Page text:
Forum for Science, Industry and Business

Sponsored by:     3M 
Search our Site:

 

Life found in the sediments of an Antarctic subglacial lake for the first time

11.09.2013
Evidence of diverse life forms dating back nearly a hundred thousand years has been found in subglacial lake sediments by a group of British scientists.

The possibility that extreme life forms might exist in the cold and dark lakes hidden kilometres beneath the Antarctic ice sheet has fascinated scientists for decades.

However, direct sampling of these lakes in the interior of Antarctica continues to present major technological challenges. Recognising this, scientists from the British Antarctic Survey (BAS), and the Universities of Northumbria and Edinburgh have been searching around the retreating margins of the ice sheet for subglacial lakes that are becoming exposed for the first time since they were buried more than 100,000 years ago.

This is because parts of the ice sheet are melting and retreating at unprecedented rates as the temperature rises at the poles.

The group targeted Lake Hodgson on the Antarctic Peninsula which was covered by more than 400 m of ice at the end of the last Ice Age, but is now considered to be an emerging subglacial lake, with a thin covering of just 3-4 metres of ice.

Drilling through the ice they used clean coring techniques to delve into the sediments at the bottom of the lake which is 93 metres deep and approximately 1.5 km long by 1.5 km wide.

The lake was thought to be a harsh environment for any form of life but the layers of mud at the bottom of the lake represent a time capsule storing the DNA of the microbes which have lived there throughout the millennia. The top few centimetres of the core contained current and recent organisms which inhabit the lake but once the core reached 3.2 m deep the microbes found most likely date back nearly 100,000 years.

Lead author David Pearce, who was at BAS and is now at the University of Northumbria, says,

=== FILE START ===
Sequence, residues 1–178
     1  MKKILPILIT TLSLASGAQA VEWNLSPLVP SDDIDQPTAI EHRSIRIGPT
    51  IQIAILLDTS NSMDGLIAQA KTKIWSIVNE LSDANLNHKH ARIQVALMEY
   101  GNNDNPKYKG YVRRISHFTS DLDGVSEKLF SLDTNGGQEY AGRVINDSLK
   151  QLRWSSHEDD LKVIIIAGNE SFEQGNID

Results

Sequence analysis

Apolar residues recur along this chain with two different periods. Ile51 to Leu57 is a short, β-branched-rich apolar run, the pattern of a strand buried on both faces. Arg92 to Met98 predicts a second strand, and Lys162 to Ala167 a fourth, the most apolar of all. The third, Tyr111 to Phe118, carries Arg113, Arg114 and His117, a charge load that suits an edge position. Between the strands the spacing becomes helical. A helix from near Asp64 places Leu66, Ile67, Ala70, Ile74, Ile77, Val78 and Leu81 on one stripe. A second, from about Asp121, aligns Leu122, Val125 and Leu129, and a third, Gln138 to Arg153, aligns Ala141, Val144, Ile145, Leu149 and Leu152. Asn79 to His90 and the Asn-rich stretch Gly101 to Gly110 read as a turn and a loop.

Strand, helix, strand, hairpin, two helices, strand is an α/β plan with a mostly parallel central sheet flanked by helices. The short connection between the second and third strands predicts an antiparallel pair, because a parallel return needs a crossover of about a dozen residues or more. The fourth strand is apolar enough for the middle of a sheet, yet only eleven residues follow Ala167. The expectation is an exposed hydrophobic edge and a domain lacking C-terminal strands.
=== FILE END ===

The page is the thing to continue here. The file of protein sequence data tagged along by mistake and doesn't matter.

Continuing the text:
"What was surprising was the high biomass and diversity we found. This is the first time microbes have been identified living in the sediments of a subglacial Antarctic lake and indicates that life can exist and potentially thrive in environments we would consider too extreme.

"The fact these organisms have survived in such a unique environment could mean they have developed in unique ways which could lead to exciting discoveries for us. This is the early stage and we now need to do more work to further investigate these life forms."

Some of the life discovered was in the form of Fossil DNA showing that many different types of bacteria live there, including a range of extremophiles which are species adapted to the most extreme environments. These use a variety of chemical methods to sustain life both with and without oxygen.

One DNA sequence was related to the most ancient organisms known on Earth and parts of the DNA in twenty three percent has not been previously described. Many of the species are likely to be new to science making clean exploration of the remote lakes isolated under the deeper parts of the ice sheet even more pressing.

Scientists believe organisms living in subglacial lakes could hold clues for how life might survive on other planets.

Late last year a British expedition to drill into Lake Ellsworth was called off after technical difficulties. A US expedition sampled a subglacial environment near the edge of the ice sheet but has yet to report its findings, and a Russian led project has sampled ice near the surface of a subglacial lake and has reported finding signs of life.

The paper, Preliminary Analysis of Life within a Former Subglacial Lake Sediment in Antarctica has been published online in the Journal 'Diversity' as part of a special issue on Microbial Ecology and Diversity.

Funding was from the Natural Environment Research Council UK

Issued by the British Antarctic Survey Press Office.

Contact:

Paul Holland
Tel: +44 (0)1223 221226
+44 (0)7740 822229
email: paul.b.holland@bas.ac.uk
Images available on request.
Notes: